Planning for Deepnight
This was a very ‘meta’ session of Traveller, much of which was spent discussing how we were going to do the Deepnight Revelation campaign. There were two questions which I needed answers to (or at least some thoughts about) to help in my planning, so I started off with those. After that, we went through the list of upgrades the players wanted for their ship. Since they’re the easy ones, I’ll start with the ship.
The It’s A Sex Thing is a 200t Far trader, and at the end of the previous session there was talk of wanting to upgrade it. This session we went through High Guard to see what the options were. They had about MCr20 to spend, so settled on some Holographic Controls and some software – Virtual Gunner/0 and Virtual Mining. I assumed the latter was to help in asteroid mining, but it turns out it’s Bitcoin Mining, and is so cheap it pays for itself in a short period of time. Al of this could probably be fitted in a few days at New Colchis.
The rest of the plan was for some High Efficiency Batteries, an Enhanced Signal Processing system and a second turret. We figured that the first two could probably be fitted into one of the staterooms, and they would also upgrade their sensors from Military to Improved.
Not entirely certain where the second turret would be fitted – probably on top with the other one otherwise it will get in the way of the cargo ramp. These last things will be fitted when they get to the Imperium, since the ship will need something of an overhaul for this rework, which will probably take a couple of weeks.
The final upgrades are to be some anti-personnel weapons for defending the ship when it’s landed. The choice is probably for four PGMP weapons. Up to four 250kg weapons can be fitted, but there’s very few options in the rule between ~20kg and 250kg. Useful options are either < 20kg, or 0.5 tonnes+.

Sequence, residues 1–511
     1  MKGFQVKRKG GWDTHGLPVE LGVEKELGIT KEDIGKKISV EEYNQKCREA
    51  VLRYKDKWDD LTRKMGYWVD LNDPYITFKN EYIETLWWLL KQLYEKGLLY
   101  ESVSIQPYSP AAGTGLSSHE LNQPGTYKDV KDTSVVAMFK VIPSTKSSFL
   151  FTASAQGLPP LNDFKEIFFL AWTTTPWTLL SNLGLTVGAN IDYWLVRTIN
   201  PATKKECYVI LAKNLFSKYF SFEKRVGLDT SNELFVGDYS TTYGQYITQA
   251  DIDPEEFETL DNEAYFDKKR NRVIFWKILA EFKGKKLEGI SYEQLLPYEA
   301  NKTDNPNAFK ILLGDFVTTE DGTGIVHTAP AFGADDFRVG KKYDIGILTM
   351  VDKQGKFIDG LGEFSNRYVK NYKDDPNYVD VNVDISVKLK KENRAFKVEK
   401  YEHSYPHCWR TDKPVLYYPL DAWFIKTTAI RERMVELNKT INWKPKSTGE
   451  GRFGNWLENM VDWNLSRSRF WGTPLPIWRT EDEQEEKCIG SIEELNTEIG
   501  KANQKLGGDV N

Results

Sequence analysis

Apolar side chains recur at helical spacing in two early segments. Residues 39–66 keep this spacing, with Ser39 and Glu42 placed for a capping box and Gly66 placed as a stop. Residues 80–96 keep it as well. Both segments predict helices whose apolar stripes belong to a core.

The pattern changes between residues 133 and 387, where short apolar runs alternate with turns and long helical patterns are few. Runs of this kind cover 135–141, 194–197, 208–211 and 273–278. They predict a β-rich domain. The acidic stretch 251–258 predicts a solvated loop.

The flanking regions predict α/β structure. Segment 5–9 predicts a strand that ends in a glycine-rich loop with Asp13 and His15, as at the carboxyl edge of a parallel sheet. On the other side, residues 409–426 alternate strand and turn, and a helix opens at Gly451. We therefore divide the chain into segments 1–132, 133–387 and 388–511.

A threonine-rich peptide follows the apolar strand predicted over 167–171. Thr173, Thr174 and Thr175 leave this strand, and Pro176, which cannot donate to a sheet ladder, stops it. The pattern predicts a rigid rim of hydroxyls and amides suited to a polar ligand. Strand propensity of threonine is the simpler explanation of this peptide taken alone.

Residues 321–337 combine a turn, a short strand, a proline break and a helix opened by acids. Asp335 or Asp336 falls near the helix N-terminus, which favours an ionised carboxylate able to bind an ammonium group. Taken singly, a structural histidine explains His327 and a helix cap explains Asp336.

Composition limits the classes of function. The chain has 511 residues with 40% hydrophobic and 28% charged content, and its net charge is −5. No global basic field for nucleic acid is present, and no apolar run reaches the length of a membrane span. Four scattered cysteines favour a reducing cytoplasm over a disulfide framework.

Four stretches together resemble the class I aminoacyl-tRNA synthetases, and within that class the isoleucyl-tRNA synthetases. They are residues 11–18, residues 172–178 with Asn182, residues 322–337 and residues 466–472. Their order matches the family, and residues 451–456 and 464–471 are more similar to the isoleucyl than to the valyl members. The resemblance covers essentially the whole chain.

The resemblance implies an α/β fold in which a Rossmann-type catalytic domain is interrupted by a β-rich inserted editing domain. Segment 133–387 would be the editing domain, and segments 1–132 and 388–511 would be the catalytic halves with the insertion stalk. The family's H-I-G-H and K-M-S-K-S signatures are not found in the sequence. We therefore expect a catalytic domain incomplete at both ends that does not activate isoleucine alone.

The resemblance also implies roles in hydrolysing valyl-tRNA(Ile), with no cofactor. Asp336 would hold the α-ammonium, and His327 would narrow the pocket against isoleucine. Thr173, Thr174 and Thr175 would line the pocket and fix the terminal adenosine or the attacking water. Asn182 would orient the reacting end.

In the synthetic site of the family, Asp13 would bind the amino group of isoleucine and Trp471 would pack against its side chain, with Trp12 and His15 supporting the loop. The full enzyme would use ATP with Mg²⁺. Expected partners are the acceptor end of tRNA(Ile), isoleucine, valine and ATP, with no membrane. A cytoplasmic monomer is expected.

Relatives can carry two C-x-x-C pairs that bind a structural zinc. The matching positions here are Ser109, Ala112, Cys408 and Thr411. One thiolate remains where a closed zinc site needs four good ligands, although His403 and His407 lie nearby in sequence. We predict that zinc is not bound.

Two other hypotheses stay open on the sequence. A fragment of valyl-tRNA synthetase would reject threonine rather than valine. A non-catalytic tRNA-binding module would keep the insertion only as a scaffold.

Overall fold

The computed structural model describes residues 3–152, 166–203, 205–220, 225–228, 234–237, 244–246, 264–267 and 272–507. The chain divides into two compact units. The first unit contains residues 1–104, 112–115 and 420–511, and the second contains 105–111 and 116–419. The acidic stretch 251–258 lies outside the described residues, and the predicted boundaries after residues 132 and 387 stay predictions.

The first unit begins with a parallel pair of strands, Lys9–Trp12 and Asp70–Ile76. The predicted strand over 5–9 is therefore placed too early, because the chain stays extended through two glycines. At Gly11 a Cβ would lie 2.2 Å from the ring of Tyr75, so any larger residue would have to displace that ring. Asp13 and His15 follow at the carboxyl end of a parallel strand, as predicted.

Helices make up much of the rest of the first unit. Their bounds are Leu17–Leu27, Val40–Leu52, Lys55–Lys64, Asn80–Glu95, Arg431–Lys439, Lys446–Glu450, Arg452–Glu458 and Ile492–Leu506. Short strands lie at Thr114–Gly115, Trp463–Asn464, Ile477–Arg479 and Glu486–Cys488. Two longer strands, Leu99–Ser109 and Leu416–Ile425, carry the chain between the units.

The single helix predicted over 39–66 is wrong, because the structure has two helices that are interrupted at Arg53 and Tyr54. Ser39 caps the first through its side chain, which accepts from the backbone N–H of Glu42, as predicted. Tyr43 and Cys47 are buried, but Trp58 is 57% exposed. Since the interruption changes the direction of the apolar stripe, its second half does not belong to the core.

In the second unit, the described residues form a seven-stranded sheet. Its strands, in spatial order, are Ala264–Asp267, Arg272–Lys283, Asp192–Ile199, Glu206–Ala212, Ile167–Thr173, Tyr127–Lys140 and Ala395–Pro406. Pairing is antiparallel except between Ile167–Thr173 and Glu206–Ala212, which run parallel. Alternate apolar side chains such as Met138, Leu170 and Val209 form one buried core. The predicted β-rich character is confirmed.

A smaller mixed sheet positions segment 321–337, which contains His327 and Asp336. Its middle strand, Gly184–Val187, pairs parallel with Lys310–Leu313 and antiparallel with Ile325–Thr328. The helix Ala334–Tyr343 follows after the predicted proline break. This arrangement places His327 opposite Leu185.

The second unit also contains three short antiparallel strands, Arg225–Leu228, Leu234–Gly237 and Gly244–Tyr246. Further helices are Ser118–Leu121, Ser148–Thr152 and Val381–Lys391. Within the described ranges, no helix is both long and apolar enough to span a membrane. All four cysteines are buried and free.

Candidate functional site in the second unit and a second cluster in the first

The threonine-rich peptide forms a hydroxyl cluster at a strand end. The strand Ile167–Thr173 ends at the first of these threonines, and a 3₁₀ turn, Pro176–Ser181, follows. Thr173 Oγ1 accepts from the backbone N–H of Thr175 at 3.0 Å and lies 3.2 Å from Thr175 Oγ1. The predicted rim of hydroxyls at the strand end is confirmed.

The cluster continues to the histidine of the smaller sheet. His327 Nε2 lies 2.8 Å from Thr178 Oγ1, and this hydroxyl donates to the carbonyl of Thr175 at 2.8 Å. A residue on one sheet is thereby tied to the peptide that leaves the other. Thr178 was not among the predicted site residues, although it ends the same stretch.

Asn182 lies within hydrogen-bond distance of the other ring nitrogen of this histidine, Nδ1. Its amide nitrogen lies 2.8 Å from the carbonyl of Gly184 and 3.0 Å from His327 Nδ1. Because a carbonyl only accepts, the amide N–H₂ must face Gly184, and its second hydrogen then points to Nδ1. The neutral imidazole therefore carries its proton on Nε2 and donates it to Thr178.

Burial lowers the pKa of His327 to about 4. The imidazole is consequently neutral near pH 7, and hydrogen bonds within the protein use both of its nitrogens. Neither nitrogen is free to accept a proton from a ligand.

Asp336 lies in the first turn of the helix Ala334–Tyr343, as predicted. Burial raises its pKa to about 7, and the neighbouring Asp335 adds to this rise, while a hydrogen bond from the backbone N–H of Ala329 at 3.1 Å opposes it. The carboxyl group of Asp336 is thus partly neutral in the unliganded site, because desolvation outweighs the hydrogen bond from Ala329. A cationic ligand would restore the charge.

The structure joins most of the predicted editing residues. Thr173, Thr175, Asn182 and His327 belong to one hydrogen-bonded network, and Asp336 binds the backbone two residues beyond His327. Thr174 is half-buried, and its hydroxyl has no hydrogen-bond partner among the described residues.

So back to the planning. My first question was about how to run the exploration ship. The players aren’t aware of the full details of the upcoming campaign yet, other than it’s going to involve a big ship and a long distance mission over several years (the characters know even less). It’ll be a big ship, with a big crew (about 500), and the current PCs won’t be the command staff (they’re neither Imperial Navy, nor Deepnight employees, and though they’ve demonstrated competence, it seems unlikely that they’ll be given command roles).
Since I want the players to have lots of agency on decisions, I want them to have considerable input to the running of the mission. I could make them part of a ‘special advisory team’ that isn’t officially part of the command staff but who are consulted in the decision making process, but for various reasons I’m not too keen on this option. It seems a bit forced, and still ends up with the PCs not actually the ones making the decisions unless we assume that the command staff always follow the recommendations of the team.
After some discussion, what we decided on was something akin to Ars Magica troupe play. For those who haven’t played Ars Magica (one of my favourite RPG systems, and a game most of us have played a lot), the PCs play magi in a mythical version of medieval Europe. Each player has a magus character, plus a ‘companion’ character. The magi are very powerful, but often have good reasons to stay in their lab and not go out on adventures. The ‘companions’ are mundanes (mostly non-magical) characters who aren’t as powerful as the magi, but who do tend to be quite highly skilled and are useful to take out on adventures. Then there are the ‘grogs’, who are less skilled almost-NPCs who act as men-at-arms and servants.